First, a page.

ATLANTA - While lawmakers haggled loudly over Sunday beer sales, gun rights and private school vouchers this year, a proposal with much greater potential to affect Georgians was quietly swept aside.
A bid to reduce the ranks of the state's 1.7 million uninsured through market-based incentives prompted several committee hearings.
Only a remnant - the least controversial portion - made it into law.
But Sen. Judson Hill, R-Marietta, the driving force behind the effort, didn't sound discouraged last week as he geared up for another crack at pushing a major overhaul of Georgia's health insurance system.
He had just been named by Lt. Gov. Casey Cagle, the Senate's presiding officer, to head a study committee that will craft a new version of the legislation for the 2008 General Assembly. The panel will hold its first meeting next month.
"We need to encourage people who can afford their own health insurance to buy it and give them a financial stake in their health care," Hill said.
The 60-page bill that Hill introduced early in this year's session would offer Georgians incentives to buy individual insurance policies instead of relying on employer-based group plans.
Studies show that fewer and fewer companies are offering insurance to their workers, a consequence of the ever-increasing costs of health care and, thus, health insurance.
Here's how the legislation would work: People who make more than $60,000 a year would be allowed to deduct their medical expenses and claim a personal exemption on their state income taxes if they have at least minimal health coverage - a low-cost, high-deductible plan - or if they post a bond comparable to the cost of catastrophic coverage.
However, if they choose not to pursue either of those options, they wouldn't be entitled to the tax breaks.
Hill said the current employer-based insurance system gives people no reason to compare prices for medical services and prescriptions, which contributes to the overconsumption that drives up premiums.
"Health care spending is not tied to any market incentives," he said. "If it's a co-pay, who cares?"
Hill said decoupling a person's health insurance from his or her job would help reduce the number of uninsured. Some 400,000 to 500,000 Georgians a year lose coverage because they change jobs, he said.
But Hill's legislation struggled during the weeks after he introduced it, a victim of its own weight.
He eventually decided to break it into three separate bills that would be easier for his Senate colleagues to digest. Still, most of his proposals didn't make headway.
Health care activists at the Capitol sympathized with Hill's goal of shrinking the uninsured population but found little else to support in his approach.
"Everybody recognizes that employer-based health insurance is going the way of the loon," consumer health advocate Linda Lowe said last week. "But there are different answers for what you do about that."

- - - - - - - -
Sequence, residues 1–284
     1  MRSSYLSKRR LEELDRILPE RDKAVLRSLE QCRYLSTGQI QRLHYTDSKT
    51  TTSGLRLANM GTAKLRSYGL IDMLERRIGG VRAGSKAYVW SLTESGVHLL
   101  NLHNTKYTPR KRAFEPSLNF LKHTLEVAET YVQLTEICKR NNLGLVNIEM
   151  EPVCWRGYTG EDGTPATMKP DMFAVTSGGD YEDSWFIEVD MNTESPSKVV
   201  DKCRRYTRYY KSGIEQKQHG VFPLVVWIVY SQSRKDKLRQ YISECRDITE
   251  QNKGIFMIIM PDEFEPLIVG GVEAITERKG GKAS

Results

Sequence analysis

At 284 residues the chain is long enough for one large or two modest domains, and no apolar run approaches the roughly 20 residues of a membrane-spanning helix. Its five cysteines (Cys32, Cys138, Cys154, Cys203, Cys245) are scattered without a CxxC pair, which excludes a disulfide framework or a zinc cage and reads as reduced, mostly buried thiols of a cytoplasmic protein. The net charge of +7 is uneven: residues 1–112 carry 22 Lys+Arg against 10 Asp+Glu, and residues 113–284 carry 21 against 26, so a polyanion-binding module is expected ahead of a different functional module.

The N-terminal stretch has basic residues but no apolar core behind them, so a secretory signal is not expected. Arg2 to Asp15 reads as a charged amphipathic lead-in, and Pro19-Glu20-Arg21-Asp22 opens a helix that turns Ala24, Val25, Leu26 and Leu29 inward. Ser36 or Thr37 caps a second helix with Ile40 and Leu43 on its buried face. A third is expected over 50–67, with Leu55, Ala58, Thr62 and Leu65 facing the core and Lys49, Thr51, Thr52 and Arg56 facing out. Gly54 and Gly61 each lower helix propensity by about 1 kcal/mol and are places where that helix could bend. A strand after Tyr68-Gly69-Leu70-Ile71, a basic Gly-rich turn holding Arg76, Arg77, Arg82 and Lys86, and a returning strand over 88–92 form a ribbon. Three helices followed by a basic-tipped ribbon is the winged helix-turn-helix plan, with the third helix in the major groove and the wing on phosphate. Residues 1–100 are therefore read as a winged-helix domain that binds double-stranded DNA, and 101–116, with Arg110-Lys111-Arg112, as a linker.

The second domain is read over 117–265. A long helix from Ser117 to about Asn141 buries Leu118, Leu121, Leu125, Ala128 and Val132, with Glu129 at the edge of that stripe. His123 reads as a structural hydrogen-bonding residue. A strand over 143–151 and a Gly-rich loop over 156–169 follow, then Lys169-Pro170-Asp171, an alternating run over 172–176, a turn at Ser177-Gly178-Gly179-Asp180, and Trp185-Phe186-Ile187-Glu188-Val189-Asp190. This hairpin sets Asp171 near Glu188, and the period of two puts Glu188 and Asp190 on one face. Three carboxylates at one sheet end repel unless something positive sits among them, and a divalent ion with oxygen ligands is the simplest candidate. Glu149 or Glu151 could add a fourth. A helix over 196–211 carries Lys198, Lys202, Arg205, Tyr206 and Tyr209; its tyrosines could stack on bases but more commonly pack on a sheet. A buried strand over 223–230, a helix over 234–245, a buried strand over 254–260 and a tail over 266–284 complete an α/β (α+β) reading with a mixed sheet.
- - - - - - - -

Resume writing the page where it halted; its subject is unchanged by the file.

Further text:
The Georgia Budget and Policy Institute, which advocates a strong safety net, concluded that Hill's answer wasn't the right one, and the Atlanta-based think tank also opposed the legislation.
Tim Sweeney, a health policy analyst for the institute, conceded that part of the state's uninsured problem stems from higher income Georgians who choose not to buy health insurance.
But Sweeney said that's not the appropriate group to target with tax breaks financed with state dollars.
"It's giving tax incentives to people who can buy insurance already," he said. "If we're going to divert public resources to address the uninsured, we should divert those resources to the people who most need the help."
Sweeney suggested that tax incentives wouldn't attract many uninsured low-income Georgians because they wouldn't see the savings that would accrue to higher income taxpayers.
But Rep. Mickey Channell, R-Greensboro, who pushed some of Hill's proposals in the House this year, said the legislation's critics are underestimating its potential impact across the wage scale.
"I think people respond to incentives, and low-income people are no different," said Channell, chairman of the House budget subcommittee with jurisdiction over health care spending.
"Somebody who makes $20,000 a year probably knows as much about managing their income as someone who makes $200,000 a year."
The only piece of Hill's legislation that survived was a provision instructing the state Department of Community Health to develop a Web site to allow consumers to compare the costs of medical services and prescriptions and the quality of hospitals, pharmacies, nursing homes and rehab centers.
It was attached to a House bill that passed on the last day of the session.
But the DCH already was working on the project before this year's legislative session began. Gov. Sonny Perdue ordered up the Web site in an executive order last fall.
The site, funded with $1 million in this year's budget, is targeted to debut at the beginning of January.
"Information is never a bad thing," Sweeney said. "But I don't know that it's going to revolutionize health care and make it more affordable."
Channell said he wasn't surprised that none of the bigger-picture reforms made it through the legislature this year.
"I think these kinds of things are where our health care delivery system has got to go," he said. "(But) it's somewhat new. A lot of times, when you deal with something new, there's resistance."